The words of the Prophet Isaias, though directly referencing the King of Babylon, have been understood by the Fathers to describe typologically the fall of the Lucifer:

Isaias 14:11-15
Thy pride is brought down to hell, thy carcass is fallen down: under thee shall the moth be strewed, and worms shall be thy covering. How art thou fallen from heaven, O Lucifer, who didst rise in the morning? how art thou fallen to the earth, that didst wound the nations? And thou saidst in thy heart: I will ascend into heaven, I will exalt my throne above the stars of God, I will sit in the mountain of the covenant, in the sides of the north. I will ascend above the height of the clouds, I will be like the most High. But yet thou shalt be brought down to hell, into the depth of the pit.

Yes, there was a great moment of choice for the angels, all of whom were created good. It's always to be remembered that God is never the Author of evil. He may passively allow evil, but never creates it or positively wills it. Anyway, so some angels remained with God and are the beings we typically refer to as "angels"; the rest became the fallen angels we usually refer to as "demons" or "devils," and whose leader is Lucifer, or Satan -- the Devil. These demons are sentenced to Hell for eternity, but are allowed powers on earth until the Final Judgment, when they will be finally cast into Hell, never to return.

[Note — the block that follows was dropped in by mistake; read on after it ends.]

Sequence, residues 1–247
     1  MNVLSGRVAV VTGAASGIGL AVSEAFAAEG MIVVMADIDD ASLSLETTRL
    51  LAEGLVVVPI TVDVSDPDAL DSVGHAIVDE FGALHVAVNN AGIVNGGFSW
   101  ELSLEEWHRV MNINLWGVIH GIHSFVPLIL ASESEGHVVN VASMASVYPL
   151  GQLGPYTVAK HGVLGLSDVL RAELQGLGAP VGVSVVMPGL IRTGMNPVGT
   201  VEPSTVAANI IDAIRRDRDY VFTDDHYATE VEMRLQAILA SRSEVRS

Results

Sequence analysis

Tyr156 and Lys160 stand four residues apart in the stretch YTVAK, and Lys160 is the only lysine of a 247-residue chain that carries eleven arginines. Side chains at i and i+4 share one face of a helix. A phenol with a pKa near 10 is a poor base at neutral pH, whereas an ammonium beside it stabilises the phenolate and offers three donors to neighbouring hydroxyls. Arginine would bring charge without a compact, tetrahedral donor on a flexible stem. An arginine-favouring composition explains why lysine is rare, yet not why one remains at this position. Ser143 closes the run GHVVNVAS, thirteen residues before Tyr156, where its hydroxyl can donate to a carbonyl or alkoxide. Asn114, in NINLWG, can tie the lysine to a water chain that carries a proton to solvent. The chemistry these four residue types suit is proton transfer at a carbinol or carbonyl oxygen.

Satan and his minions have been with us since the beginning of human history. Satab was there, in the guise of a serpent, in the Garden of Eden, tempting Adam and Eve to rebel against God, and he has been with us ever since, a liar and murderer, doing all in his power to get us to reject God and follow his demons into Hell. Just as Christ is Life, the Evil One is death -- the death of the body, which only became a part of natural world after the Fall, and the death of the soul in that souls who follow him will be forever cut off from our God Who is Life.

He even tempted Lord Christ Himself. From the Gospel of St. Matthew 4: 1-11 (and also related in Mark 1:12-13 and Luke 4:1-13):

Then Jesus was led by the spirit into the desert, to be tempted by the devil. And when he had fasted forty days and forty nights, afterwards he was hungry. And the tempter coming said to him: If thou be the Son of God, command that these stones be made bread. Who answered and said: It is written, Not in bread alone doth man live, but in every word that proceedeth from the mouth of God.